Nice analysis Jerry. Somewhat similarly, the process of learning (nurture) is genetically guided (nature).

  6. Mark R.
    Posted October 27, 2017 at 3:12 pm | Permalink

    Thanks for breaking this down for us, very interesting indeed.

    What is Jablonka’s motivation for trying to push Lamarckian evolution? Fame for debunking neo-Darwinism? Do you think she really believes in Lamarckism? Maybe trying to get a Templeton grant? Strange.

    • infiniteimprobabilit
      Posted October 27, 2017 at 7:10 pm | Permalink

      Well, Lamarckism would be vastly quicker and more efficient than the incredibly wasteful, indirect, cruel, subject-to-noise feedback mechanism that is Darwinian evolution.

      If I were a deist God (of the set-it-up-and-let-it-run variety) I’d make sure evolution ran on Lamarckian lines. (Not sure how to do that – it would require a fundamental change in the mechanisms of DNA – but I guess as G*d I’d figure out something).

      Now if G*d could have done that – but G*d chose not to – that doesn’t say much for the benevolent-G*d school of thought, does it? The old theodicy problem again. Sorry, Templeton.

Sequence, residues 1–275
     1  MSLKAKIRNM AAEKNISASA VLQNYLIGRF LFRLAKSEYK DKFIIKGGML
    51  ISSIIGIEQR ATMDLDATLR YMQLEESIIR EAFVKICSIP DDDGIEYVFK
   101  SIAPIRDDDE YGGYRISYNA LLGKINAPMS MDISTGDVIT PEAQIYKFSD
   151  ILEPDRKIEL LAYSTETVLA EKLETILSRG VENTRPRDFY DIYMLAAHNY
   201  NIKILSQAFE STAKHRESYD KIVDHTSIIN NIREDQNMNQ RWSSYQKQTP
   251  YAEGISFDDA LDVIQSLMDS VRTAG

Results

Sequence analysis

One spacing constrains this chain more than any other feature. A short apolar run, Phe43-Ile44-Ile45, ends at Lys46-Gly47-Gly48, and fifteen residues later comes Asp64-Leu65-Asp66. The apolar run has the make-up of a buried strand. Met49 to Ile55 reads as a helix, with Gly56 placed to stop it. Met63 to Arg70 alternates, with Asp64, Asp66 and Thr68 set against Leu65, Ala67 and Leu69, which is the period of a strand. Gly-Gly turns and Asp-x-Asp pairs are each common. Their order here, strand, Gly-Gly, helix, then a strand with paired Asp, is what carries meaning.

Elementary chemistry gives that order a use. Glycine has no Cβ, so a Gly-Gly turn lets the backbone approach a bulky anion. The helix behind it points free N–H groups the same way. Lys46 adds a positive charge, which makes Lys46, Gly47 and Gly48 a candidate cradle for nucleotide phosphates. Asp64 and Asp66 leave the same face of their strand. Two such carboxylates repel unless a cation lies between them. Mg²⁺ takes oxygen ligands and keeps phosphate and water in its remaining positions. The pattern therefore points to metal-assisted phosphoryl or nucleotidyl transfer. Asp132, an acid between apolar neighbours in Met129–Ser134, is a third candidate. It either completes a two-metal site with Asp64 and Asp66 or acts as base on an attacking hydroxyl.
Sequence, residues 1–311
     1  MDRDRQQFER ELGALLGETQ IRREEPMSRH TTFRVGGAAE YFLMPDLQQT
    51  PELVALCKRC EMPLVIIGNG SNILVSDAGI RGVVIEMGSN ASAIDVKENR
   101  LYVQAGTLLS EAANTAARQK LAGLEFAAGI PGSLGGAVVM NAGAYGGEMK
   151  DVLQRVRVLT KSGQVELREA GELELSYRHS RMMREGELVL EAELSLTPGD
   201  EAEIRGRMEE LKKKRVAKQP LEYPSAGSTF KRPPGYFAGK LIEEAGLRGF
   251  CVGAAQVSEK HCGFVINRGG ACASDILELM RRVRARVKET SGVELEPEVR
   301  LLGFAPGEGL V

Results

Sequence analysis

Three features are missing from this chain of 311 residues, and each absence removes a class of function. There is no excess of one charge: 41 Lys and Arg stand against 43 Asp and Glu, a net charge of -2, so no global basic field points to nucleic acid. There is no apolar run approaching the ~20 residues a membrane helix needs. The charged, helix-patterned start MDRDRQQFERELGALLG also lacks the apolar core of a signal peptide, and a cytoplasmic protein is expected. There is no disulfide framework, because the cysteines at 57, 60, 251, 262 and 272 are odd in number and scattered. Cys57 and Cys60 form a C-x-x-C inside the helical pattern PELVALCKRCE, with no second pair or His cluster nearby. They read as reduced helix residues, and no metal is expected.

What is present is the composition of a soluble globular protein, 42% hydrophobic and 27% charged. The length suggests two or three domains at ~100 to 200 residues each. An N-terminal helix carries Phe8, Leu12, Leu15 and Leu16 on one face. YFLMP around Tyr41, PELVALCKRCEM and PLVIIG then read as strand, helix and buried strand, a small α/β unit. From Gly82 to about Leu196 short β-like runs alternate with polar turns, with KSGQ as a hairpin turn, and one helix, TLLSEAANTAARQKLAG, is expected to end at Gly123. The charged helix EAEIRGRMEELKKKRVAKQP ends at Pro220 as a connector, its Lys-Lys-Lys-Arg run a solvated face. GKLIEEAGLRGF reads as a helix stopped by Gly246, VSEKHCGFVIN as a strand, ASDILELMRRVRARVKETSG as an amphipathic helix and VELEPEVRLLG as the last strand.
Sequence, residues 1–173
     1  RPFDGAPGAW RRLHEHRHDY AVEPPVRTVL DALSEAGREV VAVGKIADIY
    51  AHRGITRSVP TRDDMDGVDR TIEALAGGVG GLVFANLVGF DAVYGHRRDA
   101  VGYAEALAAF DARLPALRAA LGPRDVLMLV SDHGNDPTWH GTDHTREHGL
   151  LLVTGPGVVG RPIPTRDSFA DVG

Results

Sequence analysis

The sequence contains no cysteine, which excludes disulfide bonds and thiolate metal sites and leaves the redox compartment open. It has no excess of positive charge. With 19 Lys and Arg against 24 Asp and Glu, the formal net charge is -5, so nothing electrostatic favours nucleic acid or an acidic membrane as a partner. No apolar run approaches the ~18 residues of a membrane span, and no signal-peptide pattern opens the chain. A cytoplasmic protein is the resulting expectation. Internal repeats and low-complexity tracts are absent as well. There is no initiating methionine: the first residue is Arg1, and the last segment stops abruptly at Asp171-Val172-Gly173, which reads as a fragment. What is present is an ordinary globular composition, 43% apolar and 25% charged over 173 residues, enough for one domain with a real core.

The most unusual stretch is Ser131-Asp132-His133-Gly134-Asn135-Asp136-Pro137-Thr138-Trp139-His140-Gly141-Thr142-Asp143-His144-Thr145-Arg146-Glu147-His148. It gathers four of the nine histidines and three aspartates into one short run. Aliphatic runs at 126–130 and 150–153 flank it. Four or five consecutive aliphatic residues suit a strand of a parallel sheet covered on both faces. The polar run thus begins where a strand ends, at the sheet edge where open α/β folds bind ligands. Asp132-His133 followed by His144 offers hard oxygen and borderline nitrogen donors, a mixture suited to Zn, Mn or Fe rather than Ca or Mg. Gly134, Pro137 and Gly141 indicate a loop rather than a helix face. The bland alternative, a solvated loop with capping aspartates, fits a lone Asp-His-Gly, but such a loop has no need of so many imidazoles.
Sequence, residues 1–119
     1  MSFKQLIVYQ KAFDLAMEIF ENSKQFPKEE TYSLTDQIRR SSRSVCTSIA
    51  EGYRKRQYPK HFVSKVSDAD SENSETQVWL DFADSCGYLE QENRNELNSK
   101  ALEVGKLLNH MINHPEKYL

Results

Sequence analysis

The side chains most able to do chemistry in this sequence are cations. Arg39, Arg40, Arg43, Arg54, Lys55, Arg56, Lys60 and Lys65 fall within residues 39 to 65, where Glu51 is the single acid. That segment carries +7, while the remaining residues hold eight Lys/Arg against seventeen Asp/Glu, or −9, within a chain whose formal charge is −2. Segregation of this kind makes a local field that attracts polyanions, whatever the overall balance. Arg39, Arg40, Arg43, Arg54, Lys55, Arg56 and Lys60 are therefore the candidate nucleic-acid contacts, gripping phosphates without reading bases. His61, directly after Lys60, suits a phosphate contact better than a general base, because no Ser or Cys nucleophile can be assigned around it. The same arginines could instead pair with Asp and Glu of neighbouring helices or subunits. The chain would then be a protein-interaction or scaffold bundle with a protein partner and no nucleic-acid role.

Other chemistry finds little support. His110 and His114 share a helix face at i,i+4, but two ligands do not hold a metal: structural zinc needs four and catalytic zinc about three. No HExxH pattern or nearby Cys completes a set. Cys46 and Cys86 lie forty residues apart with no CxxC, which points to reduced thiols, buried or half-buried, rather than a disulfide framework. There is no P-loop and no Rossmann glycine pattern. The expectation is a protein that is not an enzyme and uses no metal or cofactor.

7. Simon Hayward
    Posted October 27, 2017 at 3:33 pm | Permalink

    “That is, somehow the presence of darkness is an environmental effect that methylates the eye-forming genes in adaptive ways, making the eyes disappear”

    We’re all permeated by dark energy dude 🙂

    On another flippant note, my Geordie wife might say “why aye” to this.

    Since I had no choice about the previous bad jokes, I’ll ask a question. We are talking about an evolved mechanism to actually avoid making eyes. Intuitively, I would have thought that these animals were more likely to accumulate mutations (nonsense or missense) that disrupt pathways critical to making eyes leading to a bunch of pseudogenes. Just as there are pseudogenes for (for example) olfactory receptors in whales.So, a lack of positive selection for the ability of a whale to act as a bloodhound leads to a gradual loss of receptor function by random attrition. It seems perhaps that there is little price for making the receptors.

    However, here we have a new active process. This would seem to suggest that a useless eye carries a huge reproductive price, while a useful eye is incredibly valuable (in the land of the blind….). So does this represent a different class of active vs passive gene switching based upon cost/benefit ratios imposed by the specific structures under consideration, and if so are there other examples in nature that you know of?

    I know that there are many species in which this phenomenon of eye loss in caves has been observed but I have no data on the mechanisms, any thoughts?

  8. Desnes Diev
    Posted October 27, 2017 at 3:40 pm | Permalink

    “Yet Eva Jablonka, always a big proponent of “neo-Darwinism is wrong”, thinks that something more is going on: that the cue to methylate the genes producing eyelessness doesn’t come from other genes, but from the environment itself! That is, somehow the presence of darkness is an environmental effect that methylates the eye-forming genes in adaptive ways, making the eyes disappear.”